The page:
Hematopoietic Stem Cell Transplantation
Hematopoietic progenitor (stem) cells are precursor cells that normally reside
primarily in the bone marrow. They have the ability to divide to produce other
stem cells or to develop into all the various blood cell lines - red cells,
neutrophils, lymphocytes, eosinophils, basophils, and platelets. Although these
cells were collected originally from the bone marrow, it is now possible to
stimulate the bone marrow to increase the number of stem it produces and spills
out into the peripheral circulation so that stem cells can be collected from
There are two major types of stem cell/ bone marrow transplants based upon the
relationship of the donor to the recipient of the transplant.
- patient receives his own stem cells in transplant.
Allogenic - Patient receives the stem cells form another person with
different levels of relatedness.
Synergistic: Patient receives stem cells from identical twin
Related: Patient receives stem cells from a closely matched relative
Unrelated: Patient receives stem cells from a closely matched person where
there is no relation
The Stem Cell Transplantation process involves several steps:
of stem cells from the bone marrow into the peripheral blood. This can be done
by administering low dose chemotherapy and growth factors e.g. G-CSF or
Neupogen. Allogenic donors, however, would be given only growth factors.
the stem cells form the peripheral circulation 10 – 14 days after mobilization.
Freezing (cryopreservation) the harvested stem cells
with DMSO(dimethyl sulphoxide) to protect them and storing at
High Dose (Conditioning) Chemotherapy
is given to attempt to eradicate the malignancy with the highest doses of drugs
specific for that disease. At these levels, the drugs are toxic to the bone
marrow and destroy the patient’s ability to continue to produce the various
types of blood cells needed to sustain life.
Stem Cell Transplant. 24 to 72 hours after
the high dose chemotherapy (dependent upon the particular drugs given), the
stem cells are thawed and immediately infused back into the patient. The goal
is to have these cells repopulate the bone marrow and once again begin to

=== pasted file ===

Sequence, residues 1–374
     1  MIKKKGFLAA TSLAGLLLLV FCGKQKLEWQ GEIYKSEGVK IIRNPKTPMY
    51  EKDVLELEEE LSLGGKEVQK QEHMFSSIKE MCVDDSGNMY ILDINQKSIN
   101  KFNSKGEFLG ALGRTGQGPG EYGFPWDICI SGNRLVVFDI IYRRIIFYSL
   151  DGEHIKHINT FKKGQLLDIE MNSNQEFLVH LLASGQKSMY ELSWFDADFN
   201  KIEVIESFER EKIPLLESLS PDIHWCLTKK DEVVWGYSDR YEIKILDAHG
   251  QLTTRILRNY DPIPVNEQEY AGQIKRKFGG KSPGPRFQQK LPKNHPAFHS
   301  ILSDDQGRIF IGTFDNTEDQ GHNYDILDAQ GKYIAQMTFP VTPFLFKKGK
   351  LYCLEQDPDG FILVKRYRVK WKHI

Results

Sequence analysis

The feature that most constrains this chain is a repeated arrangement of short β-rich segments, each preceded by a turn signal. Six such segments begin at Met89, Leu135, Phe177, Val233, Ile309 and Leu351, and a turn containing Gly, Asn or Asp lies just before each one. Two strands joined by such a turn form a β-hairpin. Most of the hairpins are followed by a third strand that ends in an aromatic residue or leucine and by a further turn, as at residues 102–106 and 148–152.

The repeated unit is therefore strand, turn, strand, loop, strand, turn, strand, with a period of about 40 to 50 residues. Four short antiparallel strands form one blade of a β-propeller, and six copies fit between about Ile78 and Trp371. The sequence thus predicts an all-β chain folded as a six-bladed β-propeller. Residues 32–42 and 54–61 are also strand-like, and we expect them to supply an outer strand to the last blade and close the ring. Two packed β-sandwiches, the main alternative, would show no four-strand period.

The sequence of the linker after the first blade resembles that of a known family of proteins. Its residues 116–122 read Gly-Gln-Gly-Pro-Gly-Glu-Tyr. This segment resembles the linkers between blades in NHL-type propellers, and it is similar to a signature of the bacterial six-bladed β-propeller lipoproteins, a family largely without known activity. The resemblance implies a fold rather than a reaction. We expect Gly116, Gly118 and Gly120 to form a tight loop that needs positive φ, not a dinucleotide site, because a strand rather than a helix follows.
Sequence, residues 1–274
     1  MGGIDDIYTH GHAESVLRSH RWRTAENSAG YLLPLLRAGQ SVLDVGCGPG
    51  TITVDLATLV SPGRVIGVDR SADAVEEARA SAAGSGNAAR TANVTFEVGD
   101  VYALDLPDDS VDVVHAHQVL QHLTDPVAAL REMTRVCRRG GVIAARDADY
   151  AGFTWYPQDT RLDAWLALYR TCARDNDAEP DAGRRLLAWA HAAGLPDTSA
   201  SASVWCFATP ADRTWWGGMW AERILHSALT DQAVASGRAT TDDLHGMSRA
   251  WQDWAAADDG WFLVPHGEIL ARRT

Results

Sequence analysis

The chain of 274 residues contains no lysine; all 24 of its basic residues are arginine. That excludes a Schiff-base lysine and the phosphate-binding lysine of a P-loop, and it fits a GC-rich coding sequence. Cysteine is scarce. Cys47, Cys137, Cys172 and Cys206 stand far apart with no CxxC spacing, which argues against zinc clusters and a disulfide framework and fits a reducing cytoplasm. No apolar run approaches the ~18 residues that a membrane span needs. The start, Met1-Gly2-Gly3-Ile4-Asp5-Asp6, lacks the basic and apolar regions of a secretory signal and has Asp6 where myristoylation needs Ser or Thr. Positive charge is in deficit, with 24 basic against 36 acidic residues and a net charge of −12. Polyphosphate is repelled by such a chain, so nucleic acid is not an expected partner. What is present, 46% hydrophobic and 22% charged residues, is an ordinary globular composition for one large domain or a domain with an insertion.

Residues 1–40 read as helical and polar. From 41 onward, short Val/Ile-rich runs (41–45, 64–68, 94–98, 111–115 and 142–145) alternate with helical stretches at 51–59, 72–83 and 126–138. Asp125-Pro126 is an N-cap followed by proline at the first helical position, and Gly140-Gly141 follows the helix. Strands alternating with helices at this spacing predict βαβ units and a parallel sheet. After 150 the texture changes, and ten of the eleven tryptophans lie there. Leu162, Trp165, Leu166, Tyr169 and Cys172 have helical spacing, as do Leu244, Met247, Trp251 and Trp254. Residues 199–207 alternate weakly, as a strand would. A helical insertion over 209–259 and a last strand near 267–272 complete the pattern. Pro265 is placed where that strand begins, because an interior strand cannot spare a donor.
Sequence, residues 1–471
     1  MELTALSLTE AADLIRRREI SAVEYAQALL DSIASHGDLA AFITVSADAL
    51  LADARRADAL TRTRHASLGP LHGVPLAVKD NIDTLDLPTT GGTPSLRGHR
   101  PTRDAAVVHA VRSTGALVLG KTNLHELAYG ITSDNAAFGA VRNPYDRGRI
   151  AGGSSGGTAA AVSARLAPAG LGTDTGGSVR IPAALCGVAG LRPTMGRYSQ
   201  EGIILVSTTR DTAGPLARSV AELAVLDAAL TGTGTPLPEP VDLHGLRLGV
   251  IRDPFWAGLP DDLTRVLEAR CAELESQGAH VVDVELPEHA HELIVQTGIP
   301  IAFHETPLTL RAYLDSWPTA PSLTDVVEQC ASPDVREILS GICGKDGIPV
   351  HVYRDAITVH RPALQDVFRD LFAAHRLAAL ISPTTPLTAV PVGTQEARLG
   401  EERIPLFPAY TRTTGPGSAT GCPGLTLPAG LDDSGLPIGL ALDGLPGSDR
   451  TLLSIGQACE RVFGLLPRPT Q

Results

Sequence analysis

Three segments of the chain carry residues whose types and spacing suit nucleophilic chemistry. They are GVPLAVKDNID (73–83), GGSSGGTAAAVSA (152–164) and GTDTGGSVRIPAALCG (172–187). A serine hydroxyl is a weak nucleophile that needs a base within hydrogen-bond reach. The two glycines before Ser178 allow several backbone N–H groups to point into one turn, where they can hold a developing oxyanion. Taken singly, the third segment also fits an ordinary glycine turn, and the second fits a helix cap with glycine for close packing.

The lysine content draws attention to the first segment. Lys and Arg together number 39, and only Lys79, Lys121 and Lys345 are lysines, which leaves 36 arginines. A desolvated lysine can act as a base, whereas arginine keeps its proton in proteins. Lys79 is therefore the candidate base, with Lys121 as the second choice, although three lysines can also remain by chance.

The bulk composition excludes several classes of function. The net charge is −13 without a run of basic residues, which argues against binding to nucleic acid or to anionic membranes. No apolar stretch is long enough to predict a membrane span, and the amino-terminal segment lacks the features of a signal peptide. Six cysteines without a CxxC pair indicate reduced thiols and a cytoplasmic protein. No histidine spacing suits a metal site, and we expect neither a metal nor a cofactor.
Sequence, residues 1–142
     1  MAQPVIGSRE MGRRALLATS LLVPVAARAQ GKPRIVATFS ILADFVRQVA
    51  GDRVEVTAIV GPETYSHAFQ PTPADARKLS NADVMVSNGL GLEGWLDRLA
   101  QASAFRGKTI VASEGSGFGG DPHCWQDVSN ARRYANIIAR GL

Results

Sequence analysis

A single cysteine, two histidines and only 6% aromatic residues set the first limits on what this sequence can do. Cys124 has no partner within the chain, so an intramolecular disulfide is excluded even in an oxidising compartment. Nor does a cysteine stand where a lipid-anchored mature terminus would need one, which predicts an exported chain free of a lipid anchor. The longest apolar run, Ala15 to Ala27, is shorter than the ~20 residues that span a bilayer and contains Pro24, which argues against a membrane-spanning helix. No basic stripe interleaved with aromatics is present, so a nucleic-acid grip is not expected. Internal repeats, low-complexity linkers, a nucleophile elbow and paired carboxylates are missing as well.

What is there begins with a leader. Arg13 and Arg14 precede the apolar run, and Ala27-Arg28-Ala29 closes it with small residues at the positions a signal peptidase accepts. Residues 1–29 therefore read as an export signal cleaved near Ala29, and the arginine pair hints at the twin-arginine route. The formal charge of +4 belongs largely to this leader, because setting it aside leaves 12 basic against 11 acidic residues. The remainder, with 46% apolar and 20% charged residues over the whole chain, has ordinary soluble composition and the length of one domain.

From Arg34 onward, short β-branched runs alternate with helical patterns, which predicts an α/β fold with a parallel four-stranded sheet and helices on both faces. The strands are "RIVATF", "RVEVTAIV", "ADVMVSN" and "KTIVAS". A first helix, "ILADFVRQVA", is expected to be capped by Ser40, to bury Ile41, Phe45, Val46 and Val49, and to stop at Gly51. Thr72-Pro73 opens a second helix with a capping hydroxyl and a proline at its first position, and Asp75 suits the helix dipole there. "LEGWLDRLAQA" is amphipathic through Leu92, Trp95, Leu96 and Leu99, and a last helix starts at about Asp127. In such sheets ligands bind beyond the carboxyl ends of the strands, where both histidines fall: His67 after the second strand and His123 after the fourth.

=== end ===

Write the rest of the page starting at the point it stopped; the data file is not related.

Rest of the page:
produce the red cells, various white cells and platelets.
The engraftment phase refers to the period during
which the new stem cells are getting established in the bone marrow. During
this time, the patient requires the support of red cells and platelet infusions
is at extreme risk of infection and is recovering from the other side effects
of the very high doses of chemotherapy.
Kingston: Adult Autologous Stem Cell Transplant Program
The program was established in April 2004 to do Autologous stem cell
transplantation procedures on adults. The criteria for patients eligible for
this type of therapy are:
Chemotherapy-responsive Multiple Myeloma
Chemotherapy-responsive, relapsed diffuse, large B-cell Lymphoma
Relapsed/ refractory Hodgkin’s Disease
Non-cardiac AL Amyloidosis
Testicular cancer (High risk factors)
For further information, please contact the Transplantation Physician,
Department of Haematology at Queen’s University or the Stem Cell Coordinator at
Kingston General Hospital, 549-6666 x 6627.
This program does both Autologous and Allogenic bone marrow and stem cell
transplantation on adults. For further information, please contact the Ottawa
Hospital Transplant Physician or the BMT Coordinator at (613) 737-8711
Princess Margaret Hospital
Program of Autologous and Allogenic stem cell and bone marrow transplantation
for adults. For more information, please contact Princess Margaret Hospital at
the switchboard at 416 946-2000
Centers for Pediatric Bone Marrow / Stem Cell Transplantation
Children are cared for at the Toronto Sick Children’s Hospital, or Ottawa
Children’s Hospital of Eastern Ontario (CHEO). For more information about
transplantation for pediatric patients click on Pediatric Oncology under
Ezzone,S. (ed) 2004. Hematopoietic Stem Cell Transplantation. A Manual for
Nursing Practice. Oncology Nursing Society, Pittsburgh.
Stewart, S. Autologous Stem Cell Transplants: A Handbook for Patients. Blood
& Marrow Transplant Information Network. (copy available in Cancer
Centre-SEO, Community Resource Centre Library for patients).